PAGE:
Alan Dressler at the Carnegie Observatories in Pasadena says Webb should be able to see back to the time when the heavier elements like carbon, nitrogen and oxygen were being formed.
ALAN DRESSLER: We know the universe didn't start with that material; the stars made it. We want to see how the first generations of stars were born, how they made the materials that would allow planets to be built, and then provided the raw materials for life to start. This program even includes looking at the nearest few hundred stars to the Earth to see if they have Earth-like planets themselves, and whether there's life on those planets as well.
TOM BEARDEN: But while many scientists look forward to Webb, many others are worried about losing Hubble, particularly those experimenting in the ultraviolet spectrum, which Webb doesn't see. Others worry that there might be a long gap between the demise of Hubble and the launch of Webb. Webb's launch date has already slipped twice. Mike Shull at the University of Colorado is worried that such a gap could seriously damage the entire field of study. He's concerned about the future of students like Catherine Boone, who's about to launch her first telescope experiment aboard a small rocket.
MICHAEL SHULL: We could live with a year gap, but if it were three or four or five years, that would be a disaster.
TOM BEARDEN: Why?
MICHAEL SHULL: Well, if you stopped doing science for three or four years, just like if you stopped practicing a sport, you know, the field would no longer have the vigor; new students wouldn't go into it.
TOM BEARDEN: Dressler is sympathetic but pragmatic.
ALAN DRESSLER: I think in order to make those new telescopes a reality, it's going to be necessary at some point to turn the Hubble Space Telescope off and go on to other things. So it will mean a loss of some capabilities for a while until those capabilities are improved for the future.
TOM BEARDEN: Those who worry about losing Hubble have even more immediate concerns. In the past, Hubble has depended on shuttle launched servicing missions to make fixes and install improved instruments.
The final planned servicing mission was to have occurred next year. It was supposed to install the cosmic origins spectrograph, an instrument designed by Shull's colleagues to help him to search for dark matter, the mysterious substance now thought to hold the whole universe together.
A distinguished panel of scientists has called for yet another servicing mission to extend Hubble's life to 2020, but the space shuttle Columbia accident has thrown everyone's plans into disarray. NASA officials say very clearly that in the future, shuttle flights must be planned to allow the vehicle to reach a safe haven at the international space station, or to be able to make repairs in space. The problem is, shuttles can't reach Hubble's orbit and still have enough fuel to reach the station. And astronauts can't yet repair the shuttle in orbit.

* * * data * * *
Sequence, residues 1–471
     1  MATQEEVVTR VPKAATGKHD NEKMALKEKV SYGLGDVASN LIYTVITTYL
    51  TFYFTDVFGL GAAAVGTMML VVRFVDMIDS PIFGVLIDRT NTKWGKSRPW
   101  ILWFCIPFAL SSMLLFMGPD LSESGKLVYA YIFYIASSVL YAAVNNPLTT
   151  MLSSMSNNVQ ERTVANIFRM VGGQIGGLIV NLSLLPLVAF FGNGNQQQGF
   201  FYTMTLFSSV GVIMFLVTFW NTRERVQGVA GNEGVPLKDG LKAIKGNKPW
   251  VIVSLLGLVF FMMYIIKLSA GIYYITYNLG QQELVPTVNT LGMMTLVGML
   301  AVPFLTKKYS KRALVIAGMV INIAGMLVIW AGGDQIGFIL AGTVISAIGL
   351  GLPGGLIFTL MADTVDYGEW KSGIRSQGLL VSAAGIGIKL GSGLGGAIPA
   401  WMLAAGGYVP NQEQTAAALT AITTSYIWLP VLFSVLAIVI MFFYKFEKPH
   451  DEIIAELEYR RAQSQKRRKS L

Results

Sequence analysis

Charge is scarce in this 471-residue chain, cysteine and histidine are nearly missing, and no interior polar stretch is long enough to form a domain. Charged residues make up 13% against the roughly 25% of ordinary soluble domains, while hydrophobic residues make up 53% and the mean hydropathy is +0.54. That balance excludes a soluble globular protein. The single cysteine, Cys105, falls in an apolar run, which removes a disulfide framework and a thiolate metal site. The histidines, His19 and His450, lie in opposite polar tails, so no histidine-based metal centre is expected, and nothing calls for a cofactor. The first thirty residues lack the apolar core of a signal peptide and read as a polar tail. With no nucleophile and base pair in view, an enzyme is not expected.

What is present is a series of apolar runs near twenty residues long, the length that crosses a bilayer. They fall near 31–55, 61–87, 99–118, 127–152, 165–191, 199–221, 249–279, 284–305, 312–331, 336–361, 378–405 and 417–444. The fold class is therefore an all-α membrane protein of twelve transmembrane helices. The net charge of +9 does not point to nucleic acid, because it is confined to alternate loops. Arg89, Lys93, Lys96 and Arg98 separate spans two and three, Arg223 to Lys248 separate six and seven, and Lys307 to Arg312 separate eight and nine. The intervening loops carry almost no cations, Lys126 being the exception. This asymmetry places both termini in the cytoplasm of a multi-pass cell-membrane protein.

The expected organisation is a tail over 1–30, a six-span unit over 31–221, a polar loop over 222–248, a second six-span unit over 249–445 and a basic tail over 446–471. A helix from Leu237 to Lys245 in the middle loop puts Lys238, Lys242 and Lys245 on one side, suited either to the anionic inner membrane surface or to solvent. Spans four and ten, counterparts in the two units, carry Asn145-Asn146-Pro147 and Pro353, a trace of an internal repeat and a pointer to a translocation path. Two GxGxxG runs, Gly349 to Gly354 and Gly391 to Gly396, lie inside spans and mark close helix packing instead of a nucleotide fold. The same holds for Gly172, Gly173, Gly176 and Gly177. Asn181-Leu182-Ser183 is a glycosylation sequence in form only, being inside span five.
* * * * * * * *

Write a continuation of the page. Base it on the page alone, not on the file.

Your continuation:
Ed Weiler is NASA's chief of space science.
TOM BEARDEN: So is talk of an added servicing mission premature?
EDWARD J. WEILER: In my opinion, it's very premature, because right now my major goal is to make sure we get another servicing mission. Talking about whether we have one five or six or seven or eight years from now is a bit premature.
TOM BEARDEN: Servicing missions are expensive, $600 million to $1 billion, not even counting the cost of launching the shuttle. Supporters of the Webb telescope are worried that efforts to prolong Hubble's life might siphon off money from Webb and other science programs.
TOM BEARDEN: Is there a potential for a turf war here?
ALAN DRESSLER: It's not surprising that people who are as passionate about what they do as scientists want to hold onto the tools and the ability to do the things that they love to do, and feel they're making progress. And it's also not surprising that they tend to be more passionate about the things they do than perhaps what their other astronomer colleagues are doing. So it does look like a bit of a turf war between different groups.
EDWARD J. WEILER: If the shuttle could fly safely for the next 20 or 30 years, and we had the money to pay for it, you could probably get good science out of Hubble for 20 years. When do you judge that good science isn't good enough because it's taking money away from something that might produce great science? That's an awfully difficult line to draw, and that's why we have broad community advisory groups, because I don't want to make that kind of decision.
TOM BEARDEN: The decisions now being made about Hubble, Webb, and all the other instruments now on the drawing boards will greatly affect the direction of astronomy and astrophysics in decades to come. The ironic reality is that for astronomers to have the tools to look at galaxies billions of years in the past, they also have to look closely at decisions made here on Earth in the very near future.